“Your face is your password.” You’ve probably seen Apple’s recent promotions of the iPhone X and its Face ID capabilities. With Face ID, your iPhone X will recognize your face and open at a glance, whether you are in total darkness or have grown a beard. Apple is not the only tech company embracing facial recognition systems. However, with increased mobility in business, the new iPhone X raises the question: is Face ID secure?
Is Your Face Data Secure?
If your face is your password, could anyone steal your face? As with Touch ID in the past, according to Apple, your face data is securely stored on your device and never backed up to the Cloud or any server. The data is stored on the phone’s Secure Enclave security chip. This chip is the most secure part of the phone, making it incredibly difficult to steal data and reconstruct a face from it. That said, hackers love a challenge and could possibly make an extraordinary breakthrough; you cannot completely rule it out. In short, though, your face data is pretty secure.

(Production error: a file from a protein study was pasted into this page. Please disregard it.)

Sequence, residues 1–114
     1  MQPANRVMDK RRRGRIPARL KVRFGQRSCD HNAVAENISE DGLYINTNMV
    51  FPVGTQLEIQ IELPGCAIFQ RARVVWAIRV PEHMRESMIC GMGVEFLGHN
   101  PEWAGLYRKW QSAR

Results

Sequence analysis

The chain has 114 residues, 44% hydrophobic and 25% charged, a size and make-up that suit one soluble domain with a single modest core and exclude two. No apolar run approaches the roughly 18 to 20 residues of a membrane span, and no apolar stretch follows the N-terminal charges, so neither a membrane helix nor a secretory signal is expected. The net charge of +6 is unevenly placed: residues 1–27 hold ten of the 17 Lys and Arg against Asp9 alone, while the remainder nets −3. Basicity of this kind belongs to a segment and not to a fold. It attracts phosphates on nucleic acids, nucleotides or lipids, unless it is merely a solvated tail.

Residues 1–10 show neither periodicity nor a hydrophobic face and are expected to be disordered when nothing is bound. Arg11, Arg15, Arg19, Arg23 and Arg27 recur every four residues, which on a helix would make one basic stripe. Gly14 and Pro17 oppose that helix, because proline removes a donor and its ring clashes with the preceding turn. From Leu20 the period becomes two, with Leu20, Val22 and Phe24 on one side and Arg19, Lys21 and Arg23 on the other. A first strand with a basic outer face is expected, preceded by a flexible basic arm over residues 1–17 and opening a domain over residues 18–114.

Is Your Phone Secure?
Does your face make for a good password? After the Galaxy S8 was released with a facial recognition system in 2017, it turned out the scan could be hacked simply by holding up an image of someone’s face to their phone. A similar hack was used on Microsoft Windows 10 Hello face authentication. Because Apple’s Face ID uses more sophisticated dual cameras and infrared dots, it is not so easily compromised. However, some hackers have successfully used high-quality 3D masks to bypass Face ID. Of course, these masks are more difficult to come by than a photo, but this proves that hacking is still possible.
Perhaps more problematic than hacking, is the issue of involuntary login. If you are under duress—kidnapped by criminals or detained by the police—others can hold your phone up to your face until you pass a Face ID scan. In other words, it would be fairly simple to force access into a Face ID enabled device.
It is crucial for consumers and business owners to keep face recognition security issues in mind. Most companies utilize mobile devices, and many individuals have one device for both personal use and work. Talk to your employees about facial recognition systems and institute clear security policies for mobile devices. In most cases you can opt out of facial recognition systems or use them as a part of a multi-step passcode. If your employees have access to business data on mobile devices, ensure that they are using strong and, when possible, multi-step passcodes. Your face should not be the password to access your business. For more information on mobile security in business, check out this blog post.